Licensed Marijuana Businesses Now Allowed on Apple’s App Store

A change to Apple’s App Store policies, dated June 7, now allows legal marijuana delivery services and licensed marijuana dispensaries to have apps on the platform — reports Marijuana Moment.

There’s still a catch or two, though — any such apps must be geo-restricted to jurisdictions where cannabis has been legalized, and all such apps must be “submitted by a legal entity that provides the services, and not by an individual developer.”

Here are excerpts from Apple’s updated App Store policies, with the June 7 additions in bold:

“Apps that encourage consumption of tobacco and vape products, illegal drugs, or excessive amounts of alcohol are not permitted on the App Store. Apps that encourage minors to consume any of these substances will be rejected. Facilitating the sale of controlled substances (except for licensed pharmacies and licensed or otherwise legal cannabis dispensaries), or tobacco is not allowed.”


“Apps that provide services in highly-regulated fields (such as banking and financial services, healthcare, gambling, legal cannabis use, and air travel) or that require sensitive user information should be submitted by a legal entity that provides the services, and not by an individual developer. Apps that facilitate the legal sale of cannabis must be geo-restricted to the corresponding legal jurisdiction.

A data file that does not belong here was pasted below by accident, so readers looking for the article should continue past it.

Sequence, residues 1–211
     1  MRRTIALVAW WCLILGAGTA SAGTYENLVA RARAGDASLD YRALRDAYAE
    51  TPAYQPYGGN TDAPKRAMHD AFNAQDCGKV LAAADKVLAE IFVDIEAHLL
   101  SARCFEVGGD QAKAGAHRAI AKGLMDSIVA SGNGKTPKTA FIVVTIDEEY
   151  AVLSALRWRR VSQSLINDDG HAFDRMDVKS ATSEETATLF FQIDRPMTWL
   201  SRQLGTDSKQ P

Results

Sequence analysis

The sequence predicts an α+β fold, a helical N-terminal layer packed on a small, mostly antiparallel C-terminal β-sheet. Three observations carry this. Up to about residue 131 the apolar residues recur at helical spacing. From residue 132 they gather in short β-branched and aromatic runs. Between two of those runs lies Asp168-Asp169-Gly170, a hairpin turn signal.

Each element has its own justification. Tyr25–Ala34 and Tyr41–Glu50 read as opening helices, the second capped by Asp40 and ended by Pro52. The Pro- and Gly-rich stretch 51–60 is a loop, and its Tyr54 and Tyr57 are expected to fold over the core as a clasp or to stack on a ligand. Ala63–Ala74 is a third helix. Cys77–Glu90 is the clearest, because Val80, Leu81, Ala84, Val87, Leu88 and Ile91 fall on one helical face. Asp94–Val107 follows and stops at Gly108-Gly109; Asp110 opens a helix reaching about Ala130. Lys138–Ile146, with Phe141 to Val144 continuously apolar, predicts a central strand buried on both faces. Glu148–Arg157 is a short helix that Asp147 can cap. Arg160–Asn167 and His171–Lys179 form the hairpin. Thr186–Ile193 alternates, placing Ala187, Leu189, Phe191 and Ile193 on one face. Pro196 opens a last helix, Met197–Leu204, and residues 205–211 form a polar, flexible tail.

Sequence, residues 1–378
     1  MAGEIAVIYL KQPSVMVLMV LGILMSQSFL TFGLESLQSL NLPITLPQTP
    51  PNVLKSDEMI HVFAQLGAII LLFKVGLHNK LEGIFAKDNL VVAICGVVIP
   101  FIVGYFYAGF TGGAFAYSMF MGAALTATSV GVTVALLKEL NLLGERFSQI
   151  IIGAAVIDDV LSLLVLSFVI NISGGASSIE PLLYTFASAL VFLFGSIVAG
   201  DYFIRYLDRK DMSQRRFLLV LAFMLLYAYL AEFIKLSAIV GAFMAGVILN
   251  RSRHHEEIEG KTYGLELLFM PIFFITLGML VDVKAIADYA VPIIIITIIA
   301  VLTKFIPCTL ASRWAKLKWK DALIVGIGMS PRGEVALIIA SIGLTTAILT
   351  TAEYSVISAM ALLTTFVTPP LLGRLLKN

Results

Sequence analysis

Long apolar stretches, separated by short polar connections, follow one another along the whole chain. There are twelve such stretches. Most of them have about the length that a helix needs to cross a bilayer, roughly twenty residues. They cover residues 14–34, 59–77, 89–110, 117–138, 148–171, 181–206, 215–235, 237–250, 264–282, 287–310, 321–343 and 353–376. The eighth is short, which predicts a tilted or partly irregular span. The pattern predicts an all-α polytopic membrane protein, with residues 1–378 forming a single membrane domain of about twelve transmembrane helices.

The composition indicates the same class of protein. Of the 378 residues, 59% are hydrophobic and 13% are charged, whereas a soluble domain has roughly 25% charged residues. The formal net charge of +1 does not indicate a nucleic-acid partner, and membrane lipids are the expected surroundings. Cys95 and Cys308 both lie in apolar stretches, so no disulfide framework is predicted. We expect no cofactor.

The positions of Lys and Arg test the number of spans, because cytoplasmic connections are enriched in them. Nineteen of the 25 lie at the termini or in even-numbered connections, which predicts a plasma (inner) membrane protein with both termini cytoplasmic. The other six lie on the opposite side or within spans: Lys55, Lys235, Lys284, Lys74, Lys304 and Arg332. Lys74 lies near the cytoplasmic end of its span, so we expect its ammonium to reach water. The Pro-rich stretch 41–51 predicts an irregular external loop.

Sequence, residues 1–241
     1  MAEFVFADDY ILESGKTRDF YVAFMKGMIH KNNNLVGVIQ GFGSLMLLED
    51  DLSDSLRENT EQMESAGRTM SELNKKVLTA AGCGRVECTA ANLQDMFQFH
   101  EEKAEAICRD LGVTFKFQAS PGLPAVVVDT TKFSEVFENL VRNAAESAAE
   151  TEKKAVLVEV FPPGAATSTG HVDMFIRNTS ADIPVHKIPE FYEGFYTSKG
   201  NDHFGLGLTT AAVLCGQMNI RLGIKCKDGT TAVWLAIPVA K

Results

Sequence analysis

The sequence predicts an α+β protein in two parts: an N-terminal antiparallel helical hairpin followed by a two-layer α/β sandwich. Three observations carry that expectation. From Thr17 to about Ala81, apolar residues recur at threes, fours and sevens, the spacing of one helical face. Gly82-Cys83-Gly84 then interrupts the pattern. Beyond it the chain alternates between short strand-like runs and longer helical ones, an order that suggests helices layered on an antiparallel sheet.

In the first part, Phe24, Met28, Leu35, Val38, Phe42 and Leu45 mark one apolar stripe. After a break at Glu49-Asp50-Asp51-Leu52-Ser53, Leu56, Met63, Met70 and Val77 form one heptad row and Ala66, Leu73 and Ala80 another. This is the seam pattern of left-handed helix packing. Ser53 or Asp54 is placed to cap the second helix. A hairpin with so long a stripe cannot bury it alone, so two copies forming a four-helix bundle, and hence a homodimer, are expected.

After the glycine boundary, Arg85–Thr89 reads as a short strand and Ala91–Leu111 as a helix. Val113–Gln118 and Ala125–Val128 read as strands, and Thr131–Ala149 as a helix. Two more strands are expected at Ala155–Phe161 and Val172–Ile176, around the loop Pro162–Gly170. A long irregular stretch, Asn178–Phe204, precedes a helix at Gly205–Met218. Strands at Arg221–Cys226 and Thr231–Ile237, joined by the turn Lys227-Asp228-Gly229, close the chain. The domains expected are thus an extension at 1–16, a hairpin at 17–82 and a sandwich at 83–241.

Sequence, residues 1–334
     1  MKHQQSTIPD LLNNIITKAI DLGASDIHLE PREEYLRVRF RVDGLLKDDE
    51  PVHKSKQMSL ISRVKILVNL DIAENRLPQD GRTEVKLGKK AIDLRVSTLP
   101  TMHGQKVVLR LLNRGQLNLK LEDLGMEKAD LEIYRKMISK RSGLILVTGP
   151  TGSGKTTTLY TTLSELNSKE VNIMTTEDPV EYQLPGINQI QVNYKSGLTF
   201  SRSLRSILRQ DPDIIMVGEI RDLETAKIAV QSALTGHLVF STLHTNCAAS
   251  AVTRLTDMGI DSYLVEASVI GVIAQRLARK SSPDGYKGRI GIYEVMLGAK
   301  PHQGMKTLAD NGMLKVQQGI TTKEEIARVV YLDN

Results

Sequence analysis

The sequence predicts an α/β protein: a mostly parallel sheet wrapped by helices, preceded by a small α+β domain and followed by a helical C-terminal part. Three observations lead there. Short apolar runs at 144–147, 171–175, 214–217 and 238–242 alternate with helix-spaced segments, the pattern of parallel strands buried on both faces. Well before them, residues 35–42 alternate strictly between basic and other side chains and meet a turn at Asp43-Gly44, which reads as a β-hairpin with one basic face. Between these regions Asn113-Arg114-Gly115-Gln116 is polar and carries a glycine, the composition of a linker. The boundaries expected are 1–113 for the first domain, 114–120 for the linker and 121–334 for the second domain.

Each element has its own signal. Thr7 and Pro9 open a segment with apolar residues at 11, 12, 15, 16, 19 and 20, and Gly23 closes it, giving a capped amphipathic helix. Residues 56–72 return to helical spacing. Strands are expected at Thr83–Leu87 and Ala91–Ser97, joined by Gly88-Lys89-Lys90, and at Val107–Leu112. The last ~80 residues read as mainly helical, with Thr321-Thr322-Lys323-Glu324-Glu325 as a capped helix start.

On the other hand, Google still maintains its Play Store-wide ban on apps that sell marijuana or connect users with the substance in any way.

Google’s Play Store policy, updated in 2019, states:

“We don’t allow apps that facilitate the sale of marijuana or marijuana products, regardless of legality.”

Considering Apple’s stringent policies against apps selling controlled/illegal substances that have landed even unrelated apps with slightly relevant names in their crosshairs, Apple going first in legalizing marijuana-selling apps was certainly a surprise.

In an interview with WeedWeek, Chris Vaughn, CEO of California-based delivery service Emjay, said he believes Google will “follow quickly” and update its own policies in the near future.

The tech industry’s relationship with the legal marijuana industry has been strained to say the least, but with the substance’s gradual legalization and mounting lobbying efforts for widespread legalization, legitimate marijuana businesses need to be able to make a place for themselves in the world’s largest consumer platforms.

With marijuana being legal in the country, Canadians should be able to see, download, and use apps from licensed marijuana dispensaries and delivery services on the App Store.

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